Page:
The Unabridged Collected Works PDF/EPUB È The


The Unabridged Collected Works In the history of the world, few individuals have achieved the depth of spirituality reached by Jeanne Guyon Many have been inspired by her over the centuries, including John Wesley, who said of her How few such instances do we find of exalted love to God, and our neighbor of genuine humility of invincible meekness and unbounded resignation She was born in a corrupt age, in a nation marked for its degeneracy nursed and reared in a church, as decadent as the world in which it was embedded persecuted at every step of her career groping as she did in spiritual desolation and ignorance, nevertheless, she arose to the highest pinnacle of pre eminence in spirituality and Christian devotion This compilation includes five of Guyon s most beloved works Method of Prayer, Way to God, Spiritual Torrents, her autobiography and her poetry They have been reproduced unabridged, with only minor updating for ease of reading Do not confuse minor updating with what other publishers have done with her works Guyon s tone and style have been carefully preserved so that she might live and communicate with a new generation Editors have worked for over a year on this compilation to bring to life material that has not been published in overyears


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About the Author: Jeanne Marie Bouvier de la Motte Guyon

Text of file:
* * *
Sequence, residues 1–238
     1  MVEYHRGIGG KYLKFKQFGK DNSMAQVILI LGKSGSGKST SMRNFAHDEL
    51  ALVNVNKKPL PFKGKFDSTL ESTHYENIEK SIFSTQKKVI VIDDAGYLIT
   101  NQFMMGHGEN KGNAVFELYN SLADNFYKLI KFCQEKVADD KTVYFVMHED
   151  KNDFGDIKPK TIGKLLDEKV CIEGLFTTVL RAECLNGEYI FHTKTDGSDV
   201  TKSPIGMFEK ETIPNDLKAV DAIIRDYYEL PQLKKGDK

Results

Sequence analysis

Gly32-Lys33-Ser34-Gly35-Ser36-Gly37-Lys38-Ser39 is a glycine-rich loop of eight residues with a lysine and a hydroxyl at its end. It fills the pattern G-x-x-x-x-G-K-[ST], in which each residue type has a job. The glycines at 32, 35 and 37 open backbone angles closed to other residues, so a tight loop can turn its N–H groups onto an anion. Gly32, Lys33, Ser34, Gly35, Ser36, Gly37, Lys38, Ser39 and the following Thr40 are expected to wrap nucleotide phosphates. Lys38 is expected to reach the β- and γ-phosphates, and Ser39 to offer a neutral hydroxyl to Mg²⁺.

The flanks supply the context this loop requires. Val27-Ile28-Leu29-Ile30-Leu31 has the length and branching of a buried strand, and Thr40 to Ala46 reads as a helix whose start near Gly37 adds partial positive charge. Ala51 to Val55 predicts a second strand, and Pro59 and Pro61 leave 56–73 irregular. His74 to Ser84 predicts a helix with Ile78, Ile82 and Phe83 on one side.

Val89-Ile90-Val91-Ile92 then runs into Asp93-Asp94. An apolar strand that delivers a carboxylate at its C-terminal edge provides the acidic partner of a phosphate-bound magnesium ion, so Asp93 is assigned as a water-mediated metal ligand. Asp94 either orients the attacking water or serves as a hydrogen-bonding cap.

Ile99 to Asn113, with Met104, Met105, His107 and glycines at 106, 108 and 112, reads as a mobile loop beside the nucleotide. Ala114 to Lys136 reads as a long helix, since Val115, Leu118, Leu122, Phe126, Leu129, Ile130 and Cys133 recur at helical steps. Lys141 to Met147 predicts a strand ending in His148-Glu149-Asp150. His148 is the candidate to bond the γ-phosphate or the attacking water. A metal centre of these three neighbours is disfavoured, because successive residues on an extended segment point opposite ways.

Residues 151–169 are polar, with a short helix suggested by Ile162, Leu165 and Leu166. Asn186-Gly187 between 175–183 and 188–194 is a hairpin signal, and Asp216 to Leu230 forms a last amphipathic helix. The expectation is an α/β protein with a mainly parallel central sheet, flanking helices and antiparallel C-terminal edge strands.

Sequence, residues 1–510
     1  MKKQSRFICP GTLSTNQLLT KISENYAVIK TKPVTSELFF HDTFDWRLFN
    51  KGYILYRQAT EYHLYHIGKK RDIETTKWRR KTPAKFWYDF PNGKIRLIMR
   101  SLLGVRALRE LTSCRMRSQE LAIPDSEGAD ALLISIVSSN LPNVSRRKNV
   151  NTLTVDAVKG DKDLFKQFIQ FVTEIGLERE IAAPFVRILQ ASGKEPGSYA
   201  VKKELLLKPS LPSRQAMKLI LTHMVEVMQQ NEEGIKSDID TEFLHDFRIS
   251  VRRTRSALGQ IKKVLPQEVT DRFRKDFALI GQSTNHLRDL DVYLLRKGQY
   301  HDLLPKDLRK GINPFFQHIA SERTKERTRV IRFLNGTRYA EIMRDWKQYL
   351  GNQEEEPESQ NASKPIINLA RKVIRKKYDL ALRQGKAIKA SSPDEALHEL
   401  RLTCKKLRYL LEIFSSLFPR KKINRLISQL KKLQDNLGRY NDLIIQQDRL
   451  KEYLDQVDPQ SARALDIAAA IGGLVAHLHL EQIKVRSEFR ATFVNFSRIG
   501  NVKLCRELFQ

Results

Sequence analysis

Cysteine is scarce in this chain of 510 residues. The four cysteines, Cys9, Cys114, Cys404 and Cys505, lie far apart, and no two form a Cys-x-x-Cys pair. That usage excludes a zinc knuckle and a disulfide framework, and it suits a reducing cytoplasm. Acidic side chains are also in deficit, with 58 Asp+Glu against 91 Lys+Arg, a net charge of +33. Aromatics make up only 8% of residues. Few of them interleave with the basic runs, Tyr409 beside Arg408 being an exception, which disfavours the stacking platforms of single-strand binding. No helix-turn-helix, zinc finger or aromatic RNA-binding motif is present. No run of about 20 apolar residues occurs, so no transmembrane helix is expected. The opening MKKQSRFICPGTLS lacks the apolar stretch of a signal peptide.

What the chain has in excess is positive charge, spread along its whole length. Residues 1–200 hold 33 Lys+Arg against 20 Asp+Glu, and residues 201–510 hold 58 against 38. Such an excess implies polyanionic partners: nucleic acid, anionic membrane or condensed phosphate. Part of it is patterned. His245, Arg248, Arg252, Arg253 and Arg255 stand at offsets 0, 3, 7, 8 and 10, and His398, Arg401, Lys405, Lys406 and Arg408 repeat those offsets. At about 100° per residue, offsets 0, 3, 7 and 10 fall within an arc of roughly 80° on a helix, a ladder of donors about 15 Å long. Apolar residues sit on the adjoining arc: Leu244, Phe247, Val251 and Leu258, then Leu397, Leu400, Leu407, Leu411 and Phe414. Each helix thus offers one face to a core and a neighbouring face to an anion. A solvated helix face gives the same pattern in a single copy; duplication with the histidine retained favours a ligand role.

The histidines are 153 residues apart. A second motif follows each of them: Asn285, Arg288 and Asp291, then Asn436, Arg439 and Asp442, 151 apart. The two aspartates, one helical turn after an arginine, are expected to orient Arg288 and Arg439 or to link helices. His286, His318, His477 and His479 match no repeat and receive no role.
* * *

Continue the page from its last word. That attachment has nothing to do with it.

Jeanne Marie Bouvi res de la Mothe Guyon commonly known as Madame Guyon was the leader of the Quietist movement in France The foundation of her Quietism was laid in her study of St Francis de Sales, Madame de Chantal, and Thomas a Kempis At age 16, she married Jacques Guyon, a wealthy man of weak health, 22 years her senior Until his death in 1676, her life was an unhappy one, partly due to the difference in their ages, and partly due to a tyrannical mother in law Her public career as an evangelist of Quietism began soon after her widowhood.Her first labors were spent in the diocese of Geneva, at Anecy, Gex, and Thonon, and in Grenoble In 1686 she went to Paris, where she was at first imprisoned for her opinions, in the Convent of St Marie in the Faubourg St Antoine she was released after eight months at the insistence of Madame de Maintenon She then rose to the zenith of her fame Her life at all times greatly fascinated those around her the court, Madame de Maintenon, and Madame de Maintenon s College of Ladies at Cyr, came under the spell of her enthusiasm But the affinity of her doctrines with those of Michael Molinos, who was condemned in 1685, soon worked against her.Her opinions were condemned by a commission, of which Bossuet was president She then incurred Bossuet s displeasure by breaking the promises she had made to him to maintain a quiet attitude and not return to Paris She was imprisoned at Vincennes in December 1695, and the next year moved to Vaugirard, under a promise to avoid all receptions and correspondence, except by special permission In 1698, she was imprisoned in the Bastille for four years She spent the remainder of her life in retirement with her daughter, the Marquise de Bois, at Blois She had numerous visitors of all ranks, some from foreign countries, and had a considerable correspondence Her works fill some 40 volumes less


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